However, the claim that the association be directed to make payment for the land to the substituted trustees acting for the certificate holders, stands on a different footing; [11 NJ Page 468] the association admittedly agreed to pay the trustee for the land which it actually received and retained. True, the specified mode of payment was illegal, but that in itself presents no just basis for allowing the association to keep the land without any payment at all. See Attorney General v. Linden Cemetery Association, 85 N.J. Eq. 501, 506 (E. & A. 1916). Indeed, in the earlier litigation, the association as well as the court gave expression to the view that, the agreed mode of payment being void, the fair value of the land at the time of the conveyance ought be paid. See Passaic National Bank & Trust Company v. East Ridgelawn Cemetery, supra, 137 N.J. Eq., at 606; Atlas Fence Co. v. West Ridgelawn Cemetery, supra, at 556. Both the Chancery Division and the Appellate Division found that the land had never, in fact, been paid for, and their finding is sufficiently supported by the record. The association now seeks to assert that the claim should be barred by the statute of limitations and under doctrines of laches and estoppel. The statute is in nowise applicable in this purely equitable proceeding, and the pertinent circumstances negative the invocation of the doctrines advanced. Since the conveyance, payment for the land has been persistently sought and, with equal persistence, resisted by the association. The resistance, while properly based upon the illegality of the stipulated mode of payment, was always accompanied with fair recognition by the association of its obligation to pay for the land. After Vice-Chancellor Stevens rendered his decision in the Frank case two validating acts were passed (L. 1911, c. 299 and L. 1913, c. 272), and apparently the parties thereafter assumed that the stipulated mode of payment was effective. In 1933 a decree was actually entered in the Court of Chancery, in an action which did not join the Attorney-General as a party, directing payment in the stipulated mode (see 19 N.J. Super., at 419), and it was not until the 1947 decision in the Passaic Bank case that it was finally determined, in an action naming the trustee, the association, the Attorney-General, and others, as parties, that the stipulated

[11 NJ Page 469]

mode of payment could neither be honored nor enforced. It was in that action that both the association and the Attorney-General seemingly acknowledged liability for the land conveyed, with interest, but without priority over other creditors. Shortly thereafter the association instituted its present action, and answers and counterclaims formally asserting the claim for the fair value of the land were duly filed. In the light of the foregoing it seems clear that the essentials for application of doctrines of laches and estoppel are wholly lacking. See Hinners v. Banville, 114 N.J. Eq. 348, 357 (E. & A. 1933); Riverton Country Club v. Thomas, 141 N.J. Eq. 435, 448 (Ch. 1948), affirmed 1 N.J. 508 (1948); Lawes v. Lynch, 6 N.J. 1, 11 (1950).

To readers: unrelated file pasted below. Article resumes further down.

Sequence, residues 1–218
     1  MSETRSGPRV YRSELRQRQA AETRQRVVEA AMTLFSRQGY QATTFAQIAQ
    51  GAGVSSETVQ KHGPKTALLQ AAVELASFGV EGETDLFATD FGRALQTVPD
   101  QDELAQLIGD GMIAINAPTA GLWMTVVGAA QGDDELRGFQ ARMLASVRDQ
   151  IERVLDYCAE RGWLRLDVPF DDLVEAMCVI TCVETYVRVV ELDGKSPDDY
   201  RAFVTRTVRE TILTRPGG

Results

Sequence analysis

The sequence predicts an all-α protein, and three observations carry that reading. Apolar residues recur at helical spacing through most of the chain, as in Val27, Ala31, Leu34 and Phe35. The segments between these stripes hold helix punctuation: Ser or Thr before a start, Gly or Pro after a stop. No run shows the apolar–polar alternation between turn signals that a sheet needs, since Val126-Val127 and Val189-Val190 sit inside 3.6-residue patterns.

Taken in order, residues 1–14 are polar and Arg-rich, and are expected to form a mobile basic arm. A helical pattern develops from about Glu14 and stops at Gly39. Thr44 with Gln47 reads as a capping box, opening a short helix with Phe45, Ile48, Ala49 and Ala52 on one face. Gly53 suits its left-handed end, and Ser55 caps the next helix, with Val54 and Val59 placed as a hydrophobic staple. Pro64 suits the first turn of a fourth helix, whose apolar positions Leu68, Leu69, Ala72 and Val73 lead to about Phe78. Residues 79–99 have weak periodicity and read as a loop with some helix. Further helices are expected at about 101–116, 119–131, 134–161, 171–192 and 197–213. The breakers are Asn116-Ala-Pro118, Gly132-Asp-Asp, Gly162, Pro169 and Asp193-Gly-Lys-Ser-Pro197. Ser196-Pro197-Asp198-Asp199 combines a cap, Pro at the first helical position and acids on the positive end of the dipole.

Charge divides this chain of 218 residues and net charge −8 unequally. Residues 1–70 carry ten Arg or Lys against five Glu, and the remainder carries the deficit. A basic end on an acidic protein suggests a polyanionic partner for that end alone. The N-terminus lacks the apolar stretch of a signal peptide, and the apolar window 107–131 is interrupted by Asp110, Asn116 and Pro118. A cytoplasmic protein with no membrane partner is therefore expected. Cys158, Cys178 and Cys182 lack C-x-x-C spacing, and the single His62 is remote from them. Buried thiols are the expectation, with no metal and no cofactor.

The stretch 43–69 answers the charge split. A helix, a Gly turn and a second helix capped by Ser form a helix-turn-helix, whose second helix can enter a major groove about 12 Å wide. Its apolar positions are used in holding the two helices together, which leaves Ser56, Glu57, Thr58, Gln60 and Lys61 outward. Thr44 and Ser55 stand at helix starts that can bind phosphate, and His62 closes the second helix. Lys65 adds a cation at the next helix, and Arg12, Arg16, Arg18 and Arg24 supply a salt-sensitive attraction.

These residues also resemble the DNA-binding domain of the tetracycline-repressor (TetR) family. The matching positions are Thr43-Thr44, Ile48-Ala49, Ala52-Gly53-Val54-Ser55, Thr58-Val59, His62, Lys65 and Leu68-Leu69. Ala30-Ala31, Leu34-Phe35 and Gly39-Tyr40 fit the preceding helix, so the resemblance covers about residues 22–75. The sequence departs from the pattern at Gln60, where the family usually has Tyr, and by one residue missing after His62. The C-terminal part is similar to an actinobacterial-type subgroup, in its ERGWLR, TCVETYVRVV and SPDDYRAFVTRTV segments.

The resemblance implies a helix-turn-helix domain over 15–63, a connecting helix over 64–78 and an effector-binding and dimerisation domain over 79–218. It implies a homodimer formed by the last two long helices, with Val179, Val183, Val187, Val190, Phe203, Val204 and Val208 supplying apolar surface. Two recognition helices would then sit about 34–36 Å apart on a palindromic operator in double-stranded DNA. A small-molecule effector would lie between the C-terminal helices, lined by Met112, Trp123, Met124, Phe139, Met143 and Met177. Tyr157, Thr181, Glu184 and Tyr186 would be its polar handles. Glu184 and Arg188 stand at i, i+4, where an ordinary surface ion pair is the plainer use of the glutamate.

We come now to the primary question as to the specific amount which should be paid by the association for the land. On this issue the defendants cross-appellants contend that they are entitled to the value of the land with the cemetery franchise attached, which their experts testified was in excess of $650,000 immediately after the conveyance. We consider this contention to be without merit. We are seeking the actual value of the land at the time it was tendered to the association but before any conveyance; we are not seeking the increased value of the land after title was actually conveyed to the association and had attached to the cemetery franchise. Cf. Huntington v. Attrill, 118 N.Y. 365, 381, 23 N.E. 544, 548 (Ct. App. 1890); Currie v. Waverly & New York Bay R.R. Co., 52 N.J.L. 381, 396 (E. & A. 1890). In Kimball Laundry Co. v. United States, 338 U.S. 1, 5, 93 L. Ed. 1765, 1771 (1949), an eminent domain proceeding, the court aptly pointed out that "value" has many meanings, that oftentimes the value to the owner differs from the value to the acquirer, but that most things have a general demand which give them a value transferable from one owner to another. Ordinarily, this transferable value may be measured by the price which would voluntarily be agreed upon between an owner willing to sell and a buyer willing to buy. See Clark v. Commercial Trust Co. of N.J., 119 N.J. Eq. 133, 139

[11 NJ Page 470]

(Ch. 1935); 1 Bonbright, Valuation of Property (1937), 59.

In a memorandum opinion filed by Vice Chancellor Bigelow in the Atlas Fence case he expressed the view that $300 an acre seemed "very high for farm land in 1907." Frank's purchases (through Gruber) averaged about $600 an acre, presumably because it was generally known that the land was being acquired for cemetery purposes. In Frank's (or Gruber's) hands the land could not under any acceptable standard be said to have increased ten-fold in value. If Frank were a total stranger to the association he might perhaps arbitrarily have fixed and obtained that as the purchase price in view of the urgent necessities of the buyer; such forced price would not, however, have established fair value. Cf. Bonbright, supra. In fact, he was not a stranger (cf. Attorney General v. Linden Cemetery Association, supra), but a fiduciary who had purchased the land for purposes of ultimate transfer to the association and was under obligation to deal openly and fairly with it, and any attempt at that juncture to exact such purchase price would have been unconscionable. See Ballantine, supra.